One hundred years of bowling at the Highland Park Lawn Bowling Club

By Adam Feibel –

The Highland Park Lawn Bowling Club might be a familiar sight to Westboro residents, but most people probably don’t know the club has been around for twice as long as Tim Hortons.

The history of the club extends back to 1914, when a group of men from the Village of Westboro and the Township of Nepean leased space from a farmer named John E. Cole to set up a bowling green. In 1941, Cole put the land up for sale and the members collectively bought it.

Members will be celebrating the club’s centennial on July 5. Hoping to attract some more regulars, they hosted an open house on Saturday, May 17 and again on Tuesday, May 20. The latter marked the first time the club held a second one, in the evening. Club president Jean Higgins said that by holding an evening event they hoped to draw a different crowd. They’re especially eager to introduce newcomers to the game.

The premise of the sport is fairly straightforward. Lawn bowling combines the technique of bowling with the discipline of curling. Roll the bowls along the green, try to get them close to the mark, and keep them there. Overall, it’s a fun, relaxing, and surprisingly challenging game for a summer afternoon.

Blaine Phillips of Golden Avenue has been a club member for two years, having gotten his start in lawn bowling mostly out of convenience. "I live close to here so it was very handy for me," he says. "I like to play games, so I came over and tried it."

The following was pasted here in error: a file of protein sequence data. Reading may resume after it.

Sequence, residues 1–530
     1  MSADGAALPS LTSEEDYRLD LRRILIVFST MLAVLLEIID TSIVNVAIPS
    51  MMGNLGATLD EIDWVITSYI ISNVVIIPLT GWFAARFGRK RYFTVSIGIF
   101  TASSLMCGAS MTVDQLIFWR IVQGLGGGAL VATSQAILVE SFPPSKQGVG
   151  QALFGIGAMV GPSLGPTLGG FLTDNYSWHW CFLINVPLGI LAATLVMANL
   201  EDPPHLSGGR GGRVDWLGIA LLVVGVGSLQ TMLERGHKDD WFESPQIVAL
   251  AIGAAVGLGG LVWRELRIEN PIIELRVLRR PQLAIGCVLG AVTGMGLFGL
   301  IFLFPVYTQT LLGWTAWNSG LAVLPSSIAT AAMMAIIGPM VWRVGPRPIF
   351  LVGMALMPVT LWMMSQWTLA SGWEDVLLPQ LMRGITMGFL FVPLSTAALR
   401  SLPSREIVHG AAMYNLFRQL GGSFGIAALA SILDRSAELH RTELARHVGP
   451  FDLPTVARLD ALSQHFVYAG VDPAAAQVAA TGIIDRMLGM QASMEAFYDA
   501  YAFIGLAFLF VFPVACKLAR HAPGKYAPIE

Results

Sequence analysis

Blaine Phillips of Golden Avenue has been a club member for two years, having gotten his start in lawn bowling mostly out of convenience. “I live close to here so it was very handy for me,” he says. “I like to play games, so I came over and tried it.”
Bob Thomson, who could hit the green from his nearby condo on Dominion Avenue (though he certainly shouldn't try), jokes that when he joined the club, "the average age dropped five years." He notes that although lawn bowling is widely perceived as being "an old person's game," many who take part are actually middle aged or younger, especially those on the competitive side.
Bob Thomson, who could hit the green from his nearby condo on Dominion Avenue (though he certainly shouldn’t try), jokes that when he joined the club, “the average age dropped five years.” He notes that although lawn bowling is widely perceived as being “an old person’s game,” many who take part are actually middle aged or younger, especially those on the competitive side.
Colleen Corrigan tried her hand at the game after it piqued her curiosity upon regularly driving by and seeing people playing on her way to and from home on Castle Hill Crescent. "It's fun. It's not as easy as it looks," she says. "For someone who's never done it before, I did OK." She also remarks on the social aspect of the club, since members are placed randomly on teams each game, making it "a great way to meet people."
Colleen Corrigan tried her hand at the game after it piqued her curiosity upon regularly driving by and seeing people playing on her way to and from home on Castle Hill Crescent. “It’s fun. It’s not as easy as it looks,” she says. “For someone who’s never done it before, I did OK.” She also remarks on the social aspect of the club, since members are placed randomly on teams each game, making it “a great way to meet people.”
WEBColleen-Lowrie-&-Fawkes-Conibear-(2)
Westboro’s Colleen Lowrie, left, and Fawkes Conibear tried out lawn bowling for the first time at the club’s open house May 17. “I’m easily frustrated, so I was frustrated, but I know I’ll improve if I practice, which I intend to,” says Lowrie. Conibear says she enjoys it because it reminds her of bocce and curling. “It’s a lot of muscle memory,” says Conibear. “Once I started throwing the ball, it felt good.”

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